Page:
I am going through process synchronization, and facing difficulty in understanding semaphore. So here is my doubt:

the source says that

" Semaphore S is an integer variable that is accessed through standard atomic operations i.e. wait() and signal().

It also provided basic definition of wait()

wait(Semaphore S)
   while S<=0
     ; //no operation

Definition of signal()


Let the initial value of a semaphore be 1, and say there are two concurrent processes P0 and P1 which are not supposed to perform operations of their critical section simultaneously.

Now say P0 is in its critical section, so the Semaphore S must have value 0, now say P1 wants to enter its critical section so it executes wait(), and in wait() it continuously loops, now to exit from the loop the semaphore value must be incremented, but it may not be possible because according the source, wait() is an atomic operation and can't be interrupted and thus the process P0 can't call signal() in a single processor system.

I want to know, is the understanding i have so far is correct or not. and if correct then how come process P0 call signal() when process P1 is strucked in while loop?


I think it's an inaccuracy in your source. Atomic for the wait() operation means each iteration of it is atomic, meaning S-- is performed without interruption, but the whole operation is interruptible after each completion of S-- inside the while loop.

  • actually the source is a famous book for operating systems by galvin, so i doubt its inaccuracy, and i think you didn't see properly that the S-- statement is out of while loop, the while loop is a kind of null loop. – Akashdeep Saluja Nov 23 '12 at 14:50
  • Are you sure the atomic refers to the entire wait in your implementation? I'm familiar with other implementations with s-- inside the while and the while itself isn't atomic. See for example: en.wikipedia.org/wiki/Semaphore_(programming) – SomeWittyUsername Nov 23 '12 at 16:39
  • i think you are right, i was not aware of what atomicity actually mean, it simply means that if wait() is still executing and some other process needs to be gain access on processor the whole wait() will be rolled back. correct me if i am wrong. – Akashdeep Saluja Nov 23 '12 at 18:48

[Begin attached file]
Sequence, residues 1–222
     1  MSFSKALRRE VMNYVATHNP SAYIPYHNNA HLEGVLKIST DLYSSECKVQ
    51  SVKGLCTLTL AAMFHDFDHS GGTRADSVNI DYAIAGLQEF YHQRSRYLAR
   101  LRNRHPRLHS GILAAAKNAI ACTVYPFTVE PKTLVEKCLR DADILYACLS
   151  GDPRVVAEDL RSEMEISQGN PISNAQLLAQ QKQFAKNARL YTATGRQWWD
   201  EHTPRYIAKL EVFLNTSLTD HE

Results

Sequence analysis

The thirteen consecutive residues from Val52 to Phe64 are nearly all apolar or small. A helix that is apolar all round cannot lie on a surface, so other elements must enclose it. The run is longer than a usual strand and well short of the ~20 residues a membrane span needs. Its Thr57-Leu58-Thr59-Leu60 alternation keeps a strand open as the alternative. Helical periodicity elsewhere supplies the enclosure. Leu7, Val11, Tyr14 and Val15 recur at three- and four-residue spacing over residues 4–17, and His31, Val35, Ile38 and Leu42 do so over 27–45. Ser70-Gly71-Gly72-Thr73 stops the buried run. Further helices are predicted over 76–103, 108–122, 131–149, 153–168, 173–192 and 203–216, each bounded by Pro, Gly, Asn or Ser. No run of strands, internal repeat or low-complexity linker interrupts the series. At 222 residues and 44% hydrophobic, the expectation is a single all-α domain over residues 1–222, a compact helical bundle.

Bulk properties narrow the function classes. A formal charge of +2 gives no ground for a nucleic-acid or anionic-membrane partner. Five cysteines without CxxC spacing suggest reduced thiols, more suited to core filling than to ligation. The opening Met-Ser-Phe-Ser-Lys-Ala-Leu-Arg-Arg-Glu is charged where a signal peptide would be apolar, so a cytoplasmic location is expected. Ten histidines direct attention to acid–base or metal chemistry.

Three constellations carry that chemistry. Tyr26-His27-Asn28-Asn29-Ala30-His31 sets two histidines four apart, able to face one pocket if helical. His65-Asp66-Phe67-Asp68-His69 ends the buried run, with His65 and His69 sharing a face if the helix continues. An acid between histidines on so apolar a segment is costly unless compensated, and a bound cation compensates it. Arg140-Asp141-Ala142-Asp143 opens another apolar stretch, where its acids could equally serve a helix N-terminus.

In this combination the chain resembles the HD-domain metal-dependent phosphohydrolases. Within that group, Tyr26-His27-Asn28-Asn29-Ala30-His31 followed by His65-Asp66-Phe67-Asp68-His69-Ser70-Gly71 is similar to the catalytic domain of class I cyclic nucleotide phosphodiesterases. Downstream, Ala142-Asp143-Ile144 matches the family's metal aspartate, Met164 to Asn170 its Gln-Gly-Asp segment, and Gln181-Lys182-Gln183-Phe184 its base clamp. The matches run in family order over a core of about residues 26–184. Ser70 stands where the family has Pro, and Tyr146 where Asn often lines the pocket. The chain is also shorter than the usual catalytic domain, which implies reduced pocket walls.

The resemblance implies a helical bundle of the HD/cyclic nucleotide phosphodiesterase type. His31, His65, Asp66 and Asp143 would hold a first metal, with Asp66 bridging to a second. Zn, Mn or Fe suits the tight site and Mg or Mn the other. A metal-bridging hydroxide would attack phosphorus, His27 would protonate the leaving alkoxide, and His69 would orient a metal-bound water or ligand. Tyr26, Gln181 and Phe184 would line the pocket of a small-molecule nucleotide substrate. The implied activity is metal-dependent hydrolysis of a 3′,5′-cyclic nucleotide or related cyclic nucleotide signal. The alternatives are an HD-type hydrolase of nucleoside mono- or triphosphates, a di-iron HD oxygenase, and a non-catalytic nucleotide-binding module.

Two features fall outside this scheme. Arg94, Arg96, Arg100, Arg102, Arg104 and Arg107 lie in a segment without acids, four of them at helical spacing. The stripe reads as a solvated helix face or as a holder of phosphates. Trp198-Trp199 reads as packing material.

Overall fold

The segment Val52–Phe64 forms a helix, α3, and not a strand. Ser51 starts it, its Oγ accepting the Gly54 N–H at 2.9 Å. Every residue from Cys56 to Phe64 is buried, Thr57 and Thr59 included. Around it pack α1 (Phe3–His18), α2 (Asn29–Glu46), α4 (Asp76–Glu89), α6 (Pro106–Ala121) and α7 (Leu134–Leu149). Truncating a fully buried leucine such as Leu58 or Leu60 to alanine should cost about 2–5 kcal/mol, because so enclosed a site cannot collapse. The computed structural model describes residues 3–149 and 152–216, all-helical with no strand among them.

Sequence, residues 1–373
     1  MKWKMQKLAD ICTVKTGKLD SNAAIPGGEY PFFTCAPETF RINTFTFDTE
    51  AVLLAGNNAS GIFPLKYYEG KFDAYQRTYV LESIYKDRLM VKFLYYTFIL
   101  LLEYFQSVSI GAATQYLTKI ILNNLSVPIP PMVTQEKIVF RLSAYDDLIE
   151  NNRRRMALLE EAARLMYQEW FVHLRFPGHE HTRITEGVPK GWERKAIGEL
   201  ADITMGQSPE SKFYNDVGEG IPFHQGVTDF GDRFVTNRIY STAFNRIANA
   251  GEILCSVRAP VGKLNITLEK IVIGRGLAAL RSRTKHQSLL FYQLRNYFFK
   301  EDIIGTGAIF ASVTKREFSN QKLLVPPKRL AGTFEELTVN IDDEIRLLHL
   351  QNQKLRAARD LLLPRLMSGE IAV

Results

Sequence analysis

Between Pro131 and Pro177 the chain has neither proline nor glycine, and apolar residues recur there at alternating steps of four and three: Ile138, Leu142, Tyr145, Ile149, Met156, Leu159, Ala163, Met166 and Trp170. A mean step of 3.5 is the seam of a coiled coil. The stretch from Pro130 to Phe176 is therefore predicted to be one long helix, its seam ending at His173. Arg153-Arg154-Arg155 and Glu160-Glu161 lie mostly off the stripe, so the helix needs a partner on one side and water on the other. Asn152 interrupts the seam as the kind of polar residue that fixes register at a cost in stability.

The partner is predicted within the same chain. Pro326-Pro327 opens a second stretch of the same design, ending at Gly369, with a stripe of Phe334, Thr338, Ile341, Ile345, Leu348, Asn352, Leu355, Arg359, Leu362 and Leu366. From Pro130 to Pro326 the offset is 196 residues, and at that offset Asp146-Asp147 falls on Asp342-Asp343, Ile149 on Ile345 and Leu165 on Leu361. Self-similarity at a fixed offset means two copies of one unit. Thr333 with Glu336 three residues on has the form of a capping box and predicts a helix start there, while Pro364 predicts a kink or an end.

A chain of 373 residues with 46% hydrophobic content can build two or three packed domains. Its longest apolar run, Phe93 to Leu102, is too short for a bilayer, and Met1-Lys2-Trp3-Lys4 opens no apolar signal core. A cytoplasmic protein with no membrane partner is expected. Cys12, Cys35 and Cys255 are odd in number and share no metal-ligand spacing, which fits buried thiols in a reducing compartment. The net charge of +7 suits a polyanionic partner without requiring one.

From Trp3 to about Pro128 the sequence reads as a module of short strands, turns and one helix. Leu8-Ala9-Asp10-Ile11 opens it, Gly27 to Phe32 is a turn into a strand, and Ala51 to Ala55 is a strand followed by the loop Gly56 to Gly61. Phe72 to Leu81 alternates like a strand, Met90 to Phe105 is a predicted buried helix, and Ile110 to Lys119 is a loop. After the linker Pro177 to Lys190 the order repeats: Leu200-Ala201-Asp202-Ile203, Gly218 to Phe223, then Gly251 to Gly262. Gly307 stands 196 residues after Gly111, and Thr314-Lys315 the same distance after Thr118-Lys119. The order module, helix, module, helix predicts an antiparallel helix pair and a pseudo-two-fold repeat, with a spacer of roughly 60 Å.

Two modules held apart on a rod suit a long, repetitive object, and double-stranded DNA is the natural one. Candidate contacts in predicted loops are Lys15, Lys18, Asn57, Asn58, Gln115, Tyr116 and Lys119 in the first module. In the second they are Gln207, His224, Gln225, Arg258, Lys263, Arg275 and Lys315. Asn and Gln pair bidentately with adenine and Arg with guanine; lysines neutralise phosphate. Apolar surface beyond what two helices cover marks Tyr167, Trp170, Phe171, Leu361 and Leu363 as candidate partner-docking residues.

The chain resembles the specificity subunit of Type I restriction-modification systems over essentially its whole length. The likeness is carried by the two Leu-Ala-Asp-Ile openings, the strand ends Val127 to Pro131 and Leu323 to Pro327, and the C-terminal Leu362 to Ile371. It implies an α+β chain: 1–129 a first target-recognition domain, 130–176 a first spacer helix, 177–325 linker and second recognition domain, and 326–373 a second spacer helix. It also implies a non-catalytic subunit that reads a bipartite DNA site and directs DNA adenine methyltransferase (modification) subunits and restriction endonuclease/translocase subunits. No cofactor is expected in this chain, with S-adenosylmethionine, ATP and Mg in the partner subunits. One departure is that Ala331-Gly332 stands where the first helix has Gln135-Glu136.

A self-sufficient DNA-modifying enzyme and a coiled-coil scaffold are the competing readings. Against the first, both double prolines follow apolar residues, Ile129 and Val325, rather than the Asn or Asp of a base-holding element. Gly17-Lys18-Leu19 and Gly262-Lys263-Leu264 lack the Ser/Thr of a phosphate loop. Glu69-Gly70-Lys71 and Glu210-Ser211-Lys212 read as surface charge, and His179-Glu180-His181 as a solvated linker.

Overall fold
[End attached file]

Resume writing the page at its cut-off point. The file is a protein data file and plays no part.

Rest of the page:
• 1
    Yep. But not rolled back, just aborted. – SomeWittyUsername Nov 24 '12 at 6:39

I don't think, keeping an infinite while loop inside the wait() operation is wise. I would go for Stallings' example;

void semWait(semaphore s){
        *place this process in s.queue and block this process

When a task attempts to acquire a semaphore that is unavailable, the semaphore places the task onto a wait queue and puts the task to sleep.The processor is then free to execute other code.When the semaphore becomes available, one of the tasks on the wait queue is awakened so that it can then acquire the semaphore.

while S<=0 ; //no operation This doesn't mean that the processor running this code. The process/task is blocked until it gets the semaphore.


I think what the book means for the atomic operation is testing S<=0 to be true as well as S--. Just like testAndset() it mention before.

if both separate operations S<=0 and S-- are atomic but can be interrupt by other process, this method won't work.

imagine two process p0 and p1, if p0 want to enter the critical section and tested S<=0 to be true. and it was interrupted by p1 and tested S<=0 also be true. then both of the process will enter the critical section. And that's wrong.

the actual not atomic operation is inside the while loop, even if the while loop is empty, other process can still interrupt current one when S<=0 tested to be false, which enable other process can continue their work in critical section and release the lock.

however, I think the code from the book can not actually use in OS since I don't know how to make operations S<=0 to be true and S-- together atomic. more possible way to do that is put the S-- inside the while loop like SomeWittyUsername said.


i think , when process P1 is strucked in while loop it will be in the wait state.processor will switch over among the process p0 & p1 (context switching) so the priority goes to p0 and it call signal() and then s will be incremented by 1 and p0 exit from the section so process P1 can enter into critical section and can avoid the mutual exclusion

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